An Oakville High School student is in custody after being arrested over the weekend for making threats to “shoot up” the school, according to an email sent to parents Monday night by Principal Jan Kellerman.
A 16-year-old OHS student wrote a Facebook post that other students attending a baseball game at the high school Saturday saw as a threat against the school, so they reported the posting to Oakville Activities Director Becky Czuppon, who alerted Kellerman. School Resource Officer Mike Andrews and other members of the St. Louis County Police Department then took over and began an investigation.
Police spokeswoman Vera Culley confirmed that the student was arrested Saturday and is still in juvenile custody. Juvenile court records are closed to the public.
As word of the threat spread Monday night on social media — especially after a parent posted a prayer to the Oakville Residents Unite Facebook group that incorrectly stated a gun had been found in the student’s room by police — some parents were upset with Kellerman, Superintendent Chris Gaines and the district for not sending out an earlier warning to parents.
In the email sent to parents, Kellerman said that no gun was found or involved in the incident, which Gaines confirmed to the Call Tuesday morning.
“There was no gun, we confirmed that again this morning,” Gaines said. “No gun was involved. No gun was found.”
Gaines said that he did not know about the incident until 8:45 p.m. Monday, when his phone started blowing up with text messages. Kellerman and Andrews wanted to send out an email notifying parents of the threat over the weekend, he said, but a supervisor — not Gaines — told them not to.
“Jan and Mike are beating themselves up for not sending something, but feel like they were told not to do so,” Gaines wrote in an email Tuesday morning that Board of Education members were copied on.
Word trickled out Monday, and the high school took three concerned calls from parents during the school day, but most parents didn’t find out until the Oakville Residents Unite posting that night.
“We should have sent something out and we didn’t,” Gaines said. “It’s better to be proactive about that stuff than reactive — the high school wanted to over the weekend, and they were told not to worry about it, see how things evolved. And that was not a great plan of action on our part.”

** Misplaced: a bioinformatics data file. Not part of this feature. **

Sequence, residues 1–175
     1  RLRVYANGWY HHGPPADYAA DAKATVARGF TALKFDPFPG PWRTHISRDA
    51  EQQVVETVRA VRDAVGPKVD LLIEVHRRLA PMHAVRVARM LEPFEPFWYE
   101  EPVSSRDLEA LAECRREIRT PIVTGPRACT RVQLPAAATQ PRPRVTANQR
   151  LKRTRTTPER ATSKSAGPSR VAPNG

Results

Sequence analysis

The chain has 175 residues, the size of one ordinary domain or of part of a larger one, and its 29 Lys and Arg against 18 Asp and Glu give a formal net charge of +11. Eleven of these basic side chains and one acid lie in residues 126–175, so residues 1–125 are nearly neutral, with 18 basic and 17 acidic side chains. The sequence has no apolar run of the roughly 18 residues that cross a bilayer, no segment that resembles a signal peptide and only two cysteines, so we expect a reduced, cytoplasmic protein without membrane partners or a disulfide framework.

School board members — including ones with children in the district and at Oakville High School — were also unaware of the incident until they learned about it on Facebook.
Board of Education President Samantha Stormer’s son is a student at OHS, and she found out about the threat from Facebook.
When Stormer was elected school board president Thursday, she told the Call that one of her priorities as board president would be improving the district’s communication, a goal even clearer in light of how the communication to OHS parents was handled.
“First, I have to commend all those involved and how quickly and professionally the situation was handled,” she said. “Communication is something we have been working hard at, and this situation shows us we still have a lot more work ahead of us. Social media is not the place to find out information like this. Going forward, we will be going over our communications plan to make sure we are keeping our parents informed of what is going on in our schools.”
Although police and the district take any such threat seriously, the incident did not appear to go beyond non-specific words on Facebook, Gaines said, with the student posting something to the effect of, “Give me one like and I’ll shoot up the school.”
“It appears to be an inappropriate comment, just made on Facebook, but you can’t do that these days,” Gaines said. “We’re just glad the kids let us know. It just shows you how good our kids are.”
Since juvenile records are closed, Gaines is unaware of the status of the student’s case, but if the student could return to school, Deputy Superintendent Brian Lane — who oversees Oakville schools — and Assistant Superintendent Jeff Bresler would decide on what punishment he should receive from Mehlville for the post, which Gaines suspected would involve a “lengthy” suspension.
“Parents and Students, It has come to my attention that there is some misinformation in social media about an issue that occurred on Saturday, April 16. Here are the facts of the issue:
1. A student posted threats on facebook about shooting up school, and students shared this feed with school personnel.
2. Oakville’s SRO and county police are handling the matter.
3. The student was arrested on Saturday and remains in juvenile detention.
4. The student will not be at school.
5. There were no guns connected to the incident.
Please feel free to call if you have further questions. I hope all student will be at school again tomorrow as we have ACT testing, service learning, and freshmen assembly.”